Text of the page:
|Department of Communication
Portland State University
Dr. David Ritchie
In my current research, I examine the use and interpretation of figurative language (metaphors, stories, story-metaphors, and humor) as a way of understanding how people in urban communities talk about issues both within and between groups, and how meaning and social structure are co-created in talk.
I welcome participation in my research by both undergraduate and graduate students, and I have developed a sequence of courses to introduce students to key theories and concepts in this area.
L. David Ritchie (2013). Metaphor. Cambridge University Press.
L. David Ritchie (2006). Context and Connection in Metaphor. Palgrave-Macmillan.
Table of Contents Preface
Recent journal articles and chapters:
Ritchie, L. D, and Zhu, M. (2015). “Nixon stonewalled the investigation”: Potential contributions of grammatical metaphor to conceptual metaphor theory and analysis. Metaphor and Symbol, 30, 118-136.
Negrea-Busuioc, E. & Ritchie, L. D., (2014). When ‘seeking love is travel by bus’: Deliberate metaphors, stories and humor in a Romanian song. Metaphor and the Social World, 5, 62-83.
Ritchie, L. D., & Negrea-Busuioc, E. (2014). “Now everyone knows I’m a serial killer.” Spontaneous Intentionality in Conversational Metaphor and Story-telling. Metaphor and the Social World 4, 174–198.
Ritchie, L. D., & Cameron, L. (2014). Open hearts or smoke and mirrors: Metaphorical framing and frame conflicts in a public meeting. Metaphor and Symbol, 29, 204-223.
Coleman, C.-L., & Ritchie, L. D. (2011). Examining metaphors in bio-political discourse. Lodz Papers in Pragmatics 7, 29-59.
L. David Ritchie (2011). Why the block is the block: Reinforcing community through casual conversation. Metaphor and the Social World, 2, 240-61
L. David Ritchie (2011). “Justice is blind”: A model for analyzing metaphor transformations and narratives in actual discourse. Metaphor and the Social World, 1, 70-89.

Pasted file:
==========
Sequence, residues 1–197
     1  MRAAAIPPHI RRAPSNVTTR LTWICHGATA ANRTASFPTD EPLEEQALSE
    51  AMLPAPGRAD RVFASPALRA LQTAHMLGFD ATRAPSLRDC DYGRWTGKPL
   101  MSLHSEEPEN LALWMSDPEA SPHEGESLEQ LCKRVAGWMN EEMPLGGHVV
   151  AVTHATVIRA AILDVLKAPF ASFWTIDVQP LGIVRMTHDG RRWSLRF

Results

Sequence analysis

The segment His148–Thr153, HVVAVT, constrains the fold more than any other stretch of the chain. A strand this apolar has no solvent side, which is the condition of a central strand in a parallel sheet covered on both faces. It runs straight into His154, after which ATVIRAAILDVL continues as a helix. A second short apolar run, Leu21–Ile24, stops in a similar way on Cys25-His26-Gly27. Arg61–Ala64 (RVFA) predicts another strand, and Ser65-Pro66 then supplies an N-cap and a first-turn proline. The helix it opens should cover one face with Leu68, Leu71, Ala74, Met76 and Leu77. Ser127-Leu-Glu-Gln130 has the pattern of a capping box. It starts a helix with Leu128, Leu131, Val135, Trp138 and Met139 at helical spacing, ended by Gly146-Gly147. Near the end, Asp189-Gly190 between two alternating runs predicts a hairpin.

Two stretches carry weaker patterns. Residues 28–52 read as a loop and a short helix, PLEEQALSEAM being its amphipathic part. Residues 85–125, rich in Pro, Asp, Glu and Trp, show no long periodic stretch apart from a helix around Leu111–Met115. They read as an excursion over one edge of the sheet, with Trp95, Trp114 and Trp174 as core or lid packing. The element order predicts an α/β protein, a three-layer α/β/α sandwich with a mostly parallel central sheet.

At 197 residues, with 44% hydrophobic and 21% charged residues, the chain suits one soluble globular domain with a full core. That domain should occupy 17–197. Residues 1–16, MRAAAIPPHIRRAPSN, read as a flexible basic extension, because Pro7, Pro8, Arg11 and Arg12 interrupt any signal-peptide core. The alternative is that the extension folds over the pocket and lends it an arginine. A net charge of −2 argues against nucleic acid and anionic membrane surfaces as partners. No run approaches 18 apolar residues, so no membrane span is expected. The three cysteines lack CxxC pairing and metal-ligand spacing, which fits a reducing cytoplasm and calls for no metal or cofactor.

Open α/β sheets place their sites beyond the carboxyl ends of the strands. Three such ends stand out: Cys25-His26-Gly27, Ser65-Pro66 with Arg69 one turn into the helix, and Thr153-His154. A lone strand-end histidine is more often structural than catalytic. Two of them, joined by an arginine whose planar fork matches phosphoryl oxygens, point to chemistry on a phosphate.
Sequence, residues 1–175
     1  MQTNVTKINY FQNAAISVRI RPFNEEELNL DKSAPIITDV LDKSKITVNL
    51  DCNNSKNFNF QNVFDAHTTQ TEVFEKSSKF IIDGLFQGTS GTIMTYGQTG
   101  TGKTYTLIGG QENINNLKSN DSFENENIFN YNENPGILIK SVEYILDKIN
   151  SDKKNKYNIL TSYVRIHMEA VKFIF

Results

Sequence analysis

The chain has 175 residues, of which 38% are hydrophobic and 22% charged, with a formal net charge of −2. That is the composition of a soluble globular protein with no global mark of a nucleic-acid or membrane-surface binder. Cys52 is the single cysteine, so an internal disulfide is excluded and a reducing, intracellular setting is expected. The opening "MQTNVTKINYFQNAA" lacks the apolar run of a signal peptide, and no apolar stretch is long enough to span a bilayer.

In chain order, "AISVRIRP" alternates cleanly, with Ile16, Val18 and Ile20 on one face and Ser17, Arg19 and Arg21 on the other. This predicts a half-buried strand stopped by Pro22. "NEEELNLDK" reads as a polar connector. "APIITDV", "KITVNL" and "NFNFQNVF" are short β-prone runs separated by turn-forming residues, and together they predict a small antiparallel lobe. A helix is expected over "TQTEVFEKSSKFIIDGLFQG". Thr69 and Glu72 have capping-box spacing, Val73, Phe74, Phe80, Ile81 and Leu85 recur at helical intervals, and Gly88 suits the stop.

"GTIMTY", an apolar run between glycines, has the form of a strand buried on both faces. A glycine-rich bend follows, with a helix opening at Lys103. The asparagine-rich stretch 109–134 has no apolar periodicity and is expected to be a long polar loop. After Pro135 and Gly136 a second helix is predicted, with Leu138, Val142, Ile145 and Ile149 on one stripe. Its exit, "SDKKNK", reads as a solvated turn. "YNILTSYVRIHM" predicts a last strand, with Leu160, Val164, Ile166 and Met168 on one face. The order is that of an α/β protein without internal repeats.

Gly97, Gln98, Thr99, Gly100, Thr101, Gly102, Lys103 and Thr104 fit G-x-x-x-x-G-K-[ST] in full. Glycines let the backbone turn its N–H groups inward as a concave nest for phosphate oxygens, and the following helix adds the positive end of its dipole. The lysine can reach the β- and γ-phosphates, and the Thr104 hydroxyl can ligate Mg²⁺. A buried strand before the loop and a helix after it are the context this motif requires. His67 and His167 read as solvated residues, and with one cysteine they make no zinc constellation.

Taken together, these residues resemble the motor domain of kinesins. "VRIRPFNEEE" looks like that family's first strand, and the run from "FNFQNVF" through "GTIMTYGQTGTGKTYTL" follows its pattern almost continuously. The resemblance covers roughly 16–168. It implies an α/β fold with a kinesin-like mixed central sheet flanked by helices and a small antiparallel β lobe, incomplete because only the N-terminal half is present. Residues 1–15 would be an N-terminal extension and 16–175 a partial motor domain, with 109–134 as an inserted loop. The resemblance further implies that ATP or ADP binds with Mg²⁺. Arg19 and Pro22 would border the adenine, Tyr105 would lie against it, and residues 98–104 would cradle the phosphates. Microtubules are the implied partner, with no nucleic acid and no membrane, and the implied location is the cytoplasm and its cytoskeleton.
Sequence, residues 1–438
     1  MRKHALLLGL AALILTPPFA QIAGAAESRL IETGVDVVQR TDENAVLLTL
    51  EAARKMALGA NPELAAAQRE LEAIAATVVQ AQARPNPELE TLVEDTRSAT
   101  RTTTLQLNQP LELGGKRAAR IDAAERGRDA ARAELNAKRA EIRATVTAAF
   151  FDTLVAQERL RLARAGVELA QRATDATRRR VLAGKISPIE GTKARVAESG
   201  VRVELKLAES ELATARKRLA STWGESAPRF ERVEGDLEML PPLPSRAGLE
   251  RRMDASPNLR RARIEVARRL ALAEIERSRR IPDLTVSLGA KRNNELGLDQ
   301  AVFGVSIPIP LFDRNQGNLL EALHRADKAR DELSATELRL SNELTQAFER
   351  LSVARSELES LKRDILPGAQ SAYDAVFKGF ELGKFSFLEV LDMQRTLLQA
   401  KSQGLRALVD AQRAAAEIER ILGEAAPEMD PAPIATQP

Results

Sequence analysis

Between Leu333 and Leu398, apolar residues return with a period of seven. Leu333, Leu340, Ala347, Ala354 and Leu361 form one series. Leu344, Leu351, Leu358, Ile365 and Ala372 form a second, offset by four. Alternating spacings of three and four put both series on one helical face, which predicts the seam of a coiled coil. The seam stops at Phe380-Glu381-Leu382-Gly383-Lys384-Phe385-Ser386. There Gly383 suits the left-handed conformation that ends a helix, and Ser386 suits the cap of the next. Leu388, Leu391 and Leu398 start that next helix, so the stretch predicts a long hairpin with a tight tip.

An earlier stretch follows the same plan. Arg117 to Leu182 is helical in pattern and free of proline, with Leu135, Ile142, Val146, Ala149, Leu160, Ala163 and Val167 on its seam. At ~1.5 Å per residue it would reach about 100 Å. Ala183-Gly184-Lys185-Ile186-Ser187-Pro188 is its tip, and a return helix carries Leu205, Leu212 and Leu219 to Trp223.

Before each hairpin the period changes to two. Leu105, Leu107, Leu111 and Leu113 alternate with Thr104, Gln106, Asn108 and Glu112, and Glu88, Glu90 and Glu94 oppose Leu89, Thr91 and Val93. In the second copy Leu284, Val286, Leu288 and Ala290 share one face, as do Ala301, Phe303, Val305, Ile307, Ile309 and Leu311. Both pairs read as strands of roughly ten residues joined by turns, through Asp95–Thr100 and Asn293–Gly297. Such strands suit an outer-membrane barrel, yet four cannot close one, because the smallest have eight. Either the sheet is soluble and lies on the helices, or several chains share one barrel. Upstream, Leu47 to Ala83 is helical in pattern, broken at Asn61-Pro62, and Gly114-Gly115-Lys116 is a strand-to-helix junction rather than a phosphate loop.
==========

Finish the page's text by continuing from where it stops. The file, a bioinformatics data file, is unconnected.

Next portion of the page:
L. David Ritchie (2011). “You’re lying to Jesus!” Humor and play in a discussion about homelessness. Humor 24, 481–511.
L. David Ritchie (2010). "Everybody goes down": Metaphors, Stories, and Simulations in Conversations. Metaphor and Symbol, 25, 123-143.L. David Ritchie (2010). Between mind and language: A journey worth taking. Pp. 57-76 in Lynne Cameron and Robert Maslen, Eds., Metaphor analysis: Research practice in applied linguistics, social sciences and the humanities. London, UK: Equinox, .
L. David Ritchie (2009). Relevance and Simulation in Metaphor. (2009) Metaphor and Symbol, 24, 249-262
L. David Ritchie (2009). Distributed Cognition and Play in the Quest for the Double Helix. Pp. 289-323 in Hanna Pishwa, Ed., Language and social cognition. Berlin: Mouton de Gruyter.
L. David Ritchie and Char Schell (2009). “The ivory tower” on an “unstable foundation”: Playful Language, Humor, and Metaphor in the Negotiation of Scientists’ Identities. Metaphor and Symbol, 24, 90 - 104.
Cynthia-Lou Coleman, L. David Ritchie, and Heather Hartley (2008).. Dispensing information or dispensing propaganda? Frames and metaphors in news coverage of prescription drug advertising. Journal of Health and Mass Communication, 1, 108-127.
L. David Ritchie (2008).
X IS A JOURNEY: Embodied simulation in metaphor
interpretation. Metaphor and Symbol, 23, 174-199.
L. David Ritchie (2008). Gateshead revisited: Perceptual simulators and fields of meaning in the analysis of metaphors. Metaphor and Symbol, 23, 24-49.
L. David Ritchie (2005). Frame-Shifting in Humor and Irony. Metaphor and Symbol, 20, 275-294.
L. David Ritchie (2004). Lost in space: metaphors in conceptual integration theory. Metaphor and Symbol, 19, 31-50.
L. David Ritchie (2004). Metaphors in Conversational Context: Toward a Connectivity Theory of Metaphor Interpretation. Metaphor and Symbol, 19, 265-287.
L. David Ritchie (2003). Statistical Probability as a Metaphor for Epistemological Probability. Metaphor and Symbol,18, 1-11.
L. David Ritchie (2003). Categories and Similarities: A Note on Circularity. Metaphor and Symbol, 18, 49-53.
L. David Ritchie (2003). Argument is War – Or is it a Game of Chess? Multiple Meanings in the Analysis of Implicit Metaphors. Metaphor and Symbol, 18, 125-146.